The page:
Nasa's Earth Observatory has released more images of the Larsen C Ice Shelf which was reported to have lost an iceberg four times the size of Manhattan into the sea last month.

As Antarctica's 2017 polar night (polar phenomenon where nights last over 24 hours) comes to an end, the space agency has released clear images showing the size and extent of the damage. Nasa reports that since the break happened in July, they have had to rely solely on thermal images and radar-based data to observe the break and watch the motion of ice.

The iceberg was named A-68 and by August, the first sunlit images were being captured, says the report. Between 11 and 16 September, more wide view images were captured by Nasa's Terra satellite using its onboard Moderate Resolution Imaging Spectroradiometer (MODIS) and Landsat 8's Operational Land Imager (OLI) and the Thermal Infrared Sensor (TIRS).

The sets of images show the icebergs in natural colour as well as in thermal imaging. The rifts between the iceberg and the shelf are clearly visible. The thermal images show the points where the cold shelf ice ends and the warmer ice on the water begins. The report points out that thermal imaging also shows where exactly the thick ice and relatively thinner ice are on the shelf, iceberg, and sea.

Larsen C
Natural and thermal images show the widening gap between the berg and the shelfNASA Earth Observatory

The report says that over the past few weeks of observation scientists have found that the gap between the iceberg and the ice shelf has widened as the winds, currents, and tides are working constantly to move the iceberg into the sea. This widening comes after an initial back and forth movement suggesting that the iceberg might bump back into Larson C ice shelf.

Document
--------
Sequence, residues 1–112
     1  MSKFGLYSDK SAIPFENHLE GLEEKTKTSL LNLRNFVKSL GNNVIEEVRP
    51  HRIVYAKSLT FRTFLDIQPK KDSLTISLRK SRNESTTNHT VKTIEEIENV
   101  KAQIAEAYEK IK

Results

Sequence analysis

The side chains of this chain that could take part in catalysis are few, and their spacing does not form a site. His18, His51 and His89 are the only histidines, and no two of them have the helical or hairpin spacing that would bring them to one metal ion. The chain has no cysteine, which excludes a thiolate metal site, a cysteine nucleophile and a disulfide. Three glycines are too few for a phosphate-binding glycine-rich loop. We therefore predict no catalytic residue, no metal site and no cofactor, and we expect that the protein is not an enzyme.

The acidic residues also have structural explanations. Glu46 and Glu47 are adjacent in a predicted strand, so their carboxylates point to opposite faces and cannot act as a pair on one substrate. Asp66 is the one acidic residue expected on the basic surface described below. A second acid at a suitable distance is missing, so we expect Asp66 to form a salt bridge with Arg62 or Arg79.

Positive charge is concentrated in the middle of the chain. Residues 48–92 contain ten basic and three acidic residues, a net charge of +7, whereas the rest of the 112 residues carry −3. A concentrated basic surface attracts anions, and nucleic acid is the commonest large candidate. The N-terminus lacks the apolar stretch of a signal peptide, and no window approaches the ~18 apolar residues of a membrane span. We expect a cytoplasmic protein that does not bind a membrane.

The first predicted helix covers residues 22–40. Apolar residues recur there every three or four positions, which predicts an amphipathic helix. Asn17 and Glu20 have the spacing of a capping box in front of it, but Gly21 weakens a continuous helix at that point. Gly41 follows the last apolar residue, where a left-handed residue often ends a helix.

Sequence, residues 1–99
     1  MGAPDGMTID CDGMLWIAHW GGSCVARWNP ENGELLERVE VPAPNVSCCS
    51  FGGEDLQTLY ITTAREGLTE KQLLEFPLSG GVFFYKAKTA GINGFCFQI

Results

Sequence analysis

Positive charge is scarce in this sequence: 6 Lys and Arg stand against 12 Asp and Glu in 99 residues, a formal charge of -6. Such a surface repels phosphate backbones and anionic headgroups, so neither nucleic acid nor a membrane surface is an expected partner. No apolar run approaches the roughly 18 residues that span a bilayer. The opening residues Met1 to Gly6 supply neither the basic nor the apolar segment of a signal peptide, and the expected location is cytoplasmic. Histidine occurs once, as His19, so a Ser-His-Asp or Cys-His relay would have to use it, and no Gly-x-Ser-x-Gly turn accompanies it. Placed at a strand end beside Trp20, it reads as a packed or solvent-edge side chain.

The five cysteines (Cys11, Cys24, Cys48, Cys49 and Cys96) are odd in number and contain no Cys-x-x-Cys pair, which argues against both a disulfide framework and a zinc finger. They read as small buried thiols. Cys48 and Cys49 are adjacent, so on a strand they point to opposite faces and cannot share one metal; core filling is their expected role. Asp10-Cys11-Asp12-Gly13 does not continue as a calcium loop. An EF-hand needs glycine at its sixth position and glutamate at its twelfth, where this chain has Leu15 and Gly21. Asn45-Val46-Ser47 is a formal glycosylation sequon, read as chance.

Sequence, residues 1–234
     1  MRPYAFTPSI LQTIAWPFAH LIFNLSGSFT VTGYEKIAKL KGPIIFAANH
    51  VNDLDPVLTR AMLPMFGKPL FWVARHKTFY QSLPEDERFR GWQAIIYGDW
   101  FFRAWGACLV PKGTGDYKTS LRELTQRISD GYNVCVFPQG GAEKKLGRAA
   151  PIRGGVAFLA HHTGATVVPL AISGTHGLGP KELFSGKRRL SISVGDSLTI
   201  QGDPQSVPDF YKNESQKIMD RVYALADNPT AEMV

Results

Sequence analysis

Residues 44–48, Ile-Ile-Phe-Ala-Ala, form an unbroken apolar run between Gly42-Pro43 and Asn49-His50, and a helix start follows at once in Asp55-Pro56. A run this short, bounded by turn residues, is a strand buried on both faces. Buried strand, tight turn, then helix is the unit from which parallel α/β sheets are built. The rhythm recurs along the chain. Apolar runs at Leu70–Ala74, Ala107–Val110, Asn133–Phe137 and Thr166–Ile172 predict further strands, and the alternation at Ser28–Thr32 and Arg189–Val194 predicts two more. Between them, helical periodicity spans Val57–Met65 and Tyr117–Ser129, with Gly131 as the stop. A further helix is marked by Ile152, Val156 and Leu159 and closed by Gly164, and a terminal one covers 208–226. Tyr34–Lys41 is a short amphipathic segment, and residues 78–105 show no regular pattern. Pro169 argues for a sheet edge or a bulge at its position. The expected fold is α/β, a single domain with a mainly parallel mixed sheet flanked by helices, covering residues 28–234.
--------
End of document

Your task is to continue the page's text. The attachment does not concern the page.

Back and forth collisions caused the main iceberg to break off into two large pieces which were named A-68A and A-68B. Other, smaller pieces that remain unnamed was also spotted in the water, some of them sharp and defined, moving north, says the report. The larger pieces have been smoothed and rounded off by wind and gravity, but small pieces are still sharp and battered by them crashing and being tossed in the water.

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Smaller pieces of icebergs float north between the larger bodies of iceNASA Earth Observatory
Larsen C
The trillion-tonne iceberg could float away, get stuck, or float backwards.A. Fleming, British Antarctic Survey